49 Apoc. ii. 2 sq.

50 Matt. xi. 13.

51 1 Cor. x. ix.

52 Ps. xxvi. 1, Ps. xxvi. 2.

53 Ps. li. 1.

54 2 Chron. xxxiii. 12, 2 Chron. xxxiii. 13.

55 2 Kings xxiii. 29 sq. 2 Chron. xxxv. 20 sq.

56 Zech. iii. 1 sq.

57 Numb. xx. 13. Ps. cvi. 32.

58 Job v. 17.

59 Job vii. 1.

60 Jerome blends two passages, Is. xiv. 12 (in which the Sept. reading is "that sendest to;" R. V. "didst lay low") and Ezek. xxviii. 13 sq. In the passage from Isaiah the king of Babylon is compared to Lucifer, i.e. the shining one, the morning star, whose movements the Babylonians had been the first to record. See Sayce, Fresh Light from the Ancient Monuments, p. 178, and Cheyne's Isaiah. The subject of Ezekiel's prophecy is the Prince of Tyre.

61 Luke x. 18.

62 Job xl. 16, Job xl. 21. R. V. "He lieth under the lotus trees, in the covert of the reed and the fen."

63 Job xli. 34. Sept. R. V. "King over the sons of pride."

64 Job xli. 13 sq. R. V. for the latter part of the verse has "Round about his teeth is terror, his strong scales are his pride." Jerome's words are not found in the existing Septuagint.

65 The Septuagint omits much in this portion of the Book of Job.

66 xli. 27.

67 That is, deriving jumenta from juvo. The derivation, however, is from jungo.

68 Ps. viii. 5 sq.

69 The Italian beccafico.

70 1 Rom. xiv. 20: 1 Tim. iv. 5.

71 1 Tim. iv. 3.

72 Castum. Another reading is Cossum i.e. wood-worms, which were considered a delicacy in Pontus and Phrygia. The reading Castum is supported by Tert., De Iejun. cap. 16: In nostris xerophagiis blasphemias ingerens. Casto Isidis et Cybeles eos adaequas. Compare Arnob. Bk. V., and Jerome's Letter cvii. ad Laetam c. 10, and below c. 7.

73 See note on p. 383.

74 That is, of Side in Pamphylia. He lived in the reigns of Hadrian and Antoninus Plus, a.d. 117-161. Only two fragments remain of his Greek poem in forty-two books.

75 He appears to be Flavius the Grammarian to whom reference is made in the Book on Illustrious Men, chap. 80:-Firmianus, quiet Lactantius, Arnobii discipulus, sub Diocletiano principe accitus cure Flavio grammatico, cujus de Medicinalibus versu compositi exstant libri, etc.

76 Born a.d. 23. His Historia Naturalis embraces astronomy, meteorology, geography, mineralogy, zoölogy, and botany and comprises according to the author's own account 20,000 matters of importance drawn from 2,000 volumes.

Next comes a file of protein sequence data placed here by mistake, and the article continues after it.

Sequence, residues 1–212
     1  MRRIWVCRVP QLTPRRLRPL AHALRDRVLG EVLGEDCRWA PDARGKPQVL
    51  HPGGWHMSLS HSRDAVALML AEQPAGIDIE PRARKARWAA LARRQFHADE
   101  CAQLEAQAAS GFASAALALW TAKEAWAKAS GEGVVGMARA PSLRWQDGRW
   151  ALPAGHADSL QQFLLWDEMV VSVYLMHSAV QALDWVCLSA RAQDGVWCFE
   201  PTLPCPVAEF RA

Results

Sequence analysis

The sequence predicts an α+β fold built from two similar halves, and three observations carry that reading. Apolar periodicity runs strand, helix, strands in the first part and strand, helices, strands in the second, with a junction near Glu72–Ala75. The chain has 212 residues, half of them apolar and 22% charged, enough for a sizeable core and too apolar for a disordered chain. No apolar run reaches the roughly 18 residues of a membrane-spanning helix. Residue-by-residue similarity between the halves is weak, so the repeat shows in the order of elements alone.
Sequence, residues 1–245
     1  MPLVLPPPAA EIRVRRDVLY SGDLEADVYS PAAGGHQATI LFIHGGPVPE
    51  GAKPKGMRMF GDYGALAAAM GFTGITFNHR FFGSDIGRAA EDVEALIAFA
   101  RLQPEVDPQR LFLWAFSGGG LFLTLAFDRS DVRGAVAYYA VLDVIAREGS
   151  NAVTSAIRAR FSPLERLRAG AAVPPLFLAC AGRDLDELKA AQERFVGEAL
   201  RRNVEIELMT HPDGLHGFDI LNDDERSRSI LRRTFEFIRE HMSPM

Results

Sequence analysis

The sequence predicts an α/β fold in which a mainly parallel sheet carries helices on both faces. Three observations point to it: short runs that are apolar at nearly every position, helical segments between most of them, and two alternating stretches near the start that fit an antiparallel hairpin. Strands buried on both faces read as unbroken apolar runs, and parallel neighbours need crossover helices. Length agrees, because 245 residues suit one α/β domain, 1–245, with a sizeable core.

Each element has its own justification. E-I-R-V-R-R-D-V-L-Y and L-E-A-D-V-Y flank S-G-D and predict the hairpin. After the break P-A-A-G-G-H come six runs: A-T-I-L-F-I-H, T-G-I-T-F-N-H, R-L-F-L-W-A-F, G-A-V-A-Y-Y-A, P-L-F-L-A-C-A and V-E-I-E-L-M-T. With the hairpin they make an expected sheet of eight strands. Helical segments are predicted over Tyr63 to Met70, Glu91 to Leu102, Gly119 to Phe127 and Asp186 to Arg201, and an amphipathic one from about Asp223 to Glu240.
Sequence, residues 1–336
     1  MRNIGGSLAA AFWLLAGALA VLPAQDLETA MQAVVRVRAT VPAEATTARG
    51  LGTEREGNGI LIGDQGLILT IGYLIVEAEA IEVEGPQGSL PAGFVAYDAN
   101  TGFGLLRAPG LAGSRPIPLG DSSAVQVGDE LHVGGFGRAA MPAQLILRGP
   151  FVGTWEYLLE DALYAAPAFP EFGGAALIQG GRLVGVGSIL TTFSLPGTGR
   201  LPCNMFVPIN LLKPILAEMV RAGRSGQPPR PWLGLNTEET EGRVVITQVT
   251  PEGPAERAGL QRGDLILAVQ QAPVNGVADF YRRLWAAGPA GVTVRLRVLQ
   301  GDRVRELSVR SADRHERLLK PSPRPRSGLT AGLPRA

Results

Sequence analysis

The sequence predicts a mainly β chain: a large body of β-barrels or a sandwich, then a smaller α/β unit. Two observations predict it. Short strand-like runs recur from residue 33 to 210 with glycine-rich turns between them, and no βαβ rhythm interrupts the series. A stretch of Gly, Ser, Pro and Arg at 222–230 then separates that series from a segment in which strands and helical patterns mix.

77 A native of Cilicia, who probably lived in the second century of the Christian era. He was a Greek physician and wrote a treatise on Materia Medica, in 5 books, which is still extant.

78 2 Cor. xii. 14.

79 2 Cor. iv. 16.

80 Phil. i. 23.

81 Rom. xiii. 14.

82 Matt. x. 9, Matt. xix. 21: Mark vi. 8.

83 Matt. xix. 21.

84 Cor. xv. 85.

85 1 Cor. vi. 13.

86 That is, the wood-worm just referred to.

87 Pannonia, of which Valens also was a native.

88 This name, which signifies dwellers in caves, was applied by Greek geographers to various peoples, but especially to the uncivilized inhabitants of the west coast of the Red Sea, along the shores of Upper Egypt and Aethiopia. The whole coast was called Troglodytice.

89 In 376 the Goths were driven out of their country by the Huns. They were allowed by Valens to cross the Danube, but war soon broke out and the emperor was defeated with great slaughter on Aug. 9, 378.

90 The Sarmatians dwelt on the N. E. of the Sea of Azov, E. of the river Don.

91 They were located in the S. E. of Germany.

92 The name given to the great confederacy of German peoples who in a.d. 409 traversed Germany and Gaul, and invaded Spain. In 429 they conquered all the Roman dominions in Africa, and in 455 they plundered Rome. Their kingdom was destroyed by Belisarius in 535.

93 A people of Central Asia. Cyrus the Great was slain in an expedition against them.

94 On the Oxus near its entrance into the Caspian Sea.

95 An agricultural people on the W. coast of Pontus.

96 Hyrcania was a province of the Persian Empire, on the S. and S. E. shores of the Caspian or Hyrcanian Sea Jerome draws many of these details from the treatise of Porphyry Peri apoxhj emyuxiwn.

97 Antinous was drowned in the Nile. a.d. 122. The emperor's grief was so great that he enrolled his favourite amongst the gods, caused a temple to be erected to his honour at Mantines, and founded the city of Antinoopolis.

98 Ter. Eunuch. iv. 5, 6.